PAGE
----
The full City Council meets at 10:00 a.m. today, but before they get into the regular order of business, aldermen will convene in the council chambers an hour earlier, at 9:00 a.m., to hear an address on the City’s police department from Mayor Rahm Emanuel.
Meanwhile, a “Citywide Walkout” calling for Mayor Emanuel and State’s Attorney Anita Alvarez to resign will commence outside Daley Plaza at noon. More than 1,700 people said they’ll attend the march, according to the organizers’ Facebook page.
Often shouting back their answers over a raucous crowd of about 200 residents, eleven South Side aldermen convened a “Public Safety Hearing” at the Liberty Baptist Church in Bronzeville last night and weathered multiple calls for theirs and Mayor Rahm Emanuel’s resignations.
One typical exchange of the evening came when one audience member, addressing the aldermen said, “Sawyer, you’re in the back pockets. Tomorrow morning I want you to get to work and call for a vote of no confidence of the mayor.” The statement was met with loud cheers.
Ald. Sawyer then stood up and said, “No. Not because I don’t want to, but because you’re the the ones who voted for Rahm Emanuel. I didn’t!” Immediately, the room erupted in bedlam.
Harrison Coleman, a former CHA police officer, spoke about how he trusted the Chicago police officers who picked up his son in December 2012, “I helped put my son in the paddy wagon. That was the last time I saw my son alive."
Coleman’s opinion of police has markedly changed since the incident, as he then told the assembled, "We got two terrorist groups in Chicago, the gangs and the police… the police don't even get charged."
In the course of the meeting, Ald. Sawyer committed on behalf of the assembled aldermen to a pair of actions: to support Ald. David Moore’s (17) call for a City Council investigatory subject hearing on the Mayor’s Office and City Council’s role in the Laquan McDonald case, and to meet with the Community Renewal Society on their proposed FAIR COPS Ordinance.
Budget Chair Calls For “In Depth Hearings” On Minority Hiring
by Claudia Morell – email@example.com
The City’s Minority and Women-Owned Business Construction Program, set to expire at the end of this year, will continue through March 31, 2016, under an amended ordinance the Budget Committee passed yesterday. Budget Chairman Carrie Austin (34) allowed a temporary extension of the program so she could hold “in depth hearings” on how the City can strengthen it.
Renewed appointments to the City’s Library Board and a $700,000 federal grant for a new job training program also advanced in committee and will be reported out at the full City Council today. But Ald. Gilbert Villegas’ (36) ordinance concerning the city’s motor fuel tax was held in committee, because it wasn’t “in its proper form”, according to Chairman Austin.
Attendance: Chairman Carrie Austin (34), Brian Hopkins (2), Pat Dowell (3), Leslie Hairston (5), Marty Quinn (13), Toni Foulkes (16), David Moore (17), Matt O’Shea (19), Howard Brookins, Jr. (21), Rick Munoz (22), Michael Scott, Jr. (24), Jason Ervin (28), Deb Mell (33), Milly Santiago (31), Gilbert Villegas (36), Emma Mitts (37), Pat O’Connor (40), Brendan Reilly (42), Tom Tunney (44), John Arena (45), Ameya Pawar (47), Deb Silverstein (50)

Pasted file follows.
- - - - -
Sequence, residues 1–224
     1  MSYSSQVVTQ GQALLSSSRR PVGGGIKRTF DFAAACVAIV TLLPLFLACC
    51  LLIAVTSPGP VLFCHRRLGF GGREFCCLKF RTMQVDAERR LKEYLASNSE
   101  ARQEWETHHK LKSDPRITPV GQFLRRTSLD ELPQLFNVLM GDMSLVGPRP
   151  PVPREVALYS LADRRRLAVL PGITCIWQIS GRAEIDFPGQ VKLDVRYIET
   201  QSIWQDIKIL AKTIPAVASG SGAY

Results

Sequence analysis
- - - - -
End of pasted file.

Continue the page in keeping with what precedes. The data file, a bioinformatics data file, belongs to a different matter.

Temporary Extension of M/WBE Program
The original ordinance Mayor Emanuel introduced in November would have extended the city’s M/WBE program in its current form through 2020, but Chairman Austin thinks the city can do better when it comes to implementing stricter M/WBE requirements for companies that want to do business with the city. She announced at yesterday’s committee meeting that she would allow for a temporary extension of the program through next March, so a Budget subcommittee can hold “in depth” hearings on how the city can increase M/WBE thresholds.
“I believe that what we’re looking to do is not some drastic of an increase that it would would jeopardize the program [...] we can move to those numbers. I don’t think it will hurt us, ” Austin said after the meeting.
“You always start high and then you go low,” she added, “We can move up, and if we can show that and without a court fight, I believe we can move our numbers up.”
“Its an aspirational goal,” Ald. Gilbert Villegas (36), who was standing next to Austin, chimed in.
The program was first implemented in 2004 and renewed in 2009. By law, renewal must be based on evidence of discrimination in the marketplace. The city retained the law firm of Pugh, Jones & Johnson, P.C. and economist Dr. David G. Blanchflower to conduct the review. Aldertrack obtained a copy of the nearly 300-page report that was sent to aldermen on Dec. 3, 2015, less than a week from yesterday’s committee meeting.
Asked if she discussed her plans with the Mayor to expand the program, and if he was open to the idea, Austin quipped, “It’s his words only?” and later remarked that she isn't “pushing him to do anything.”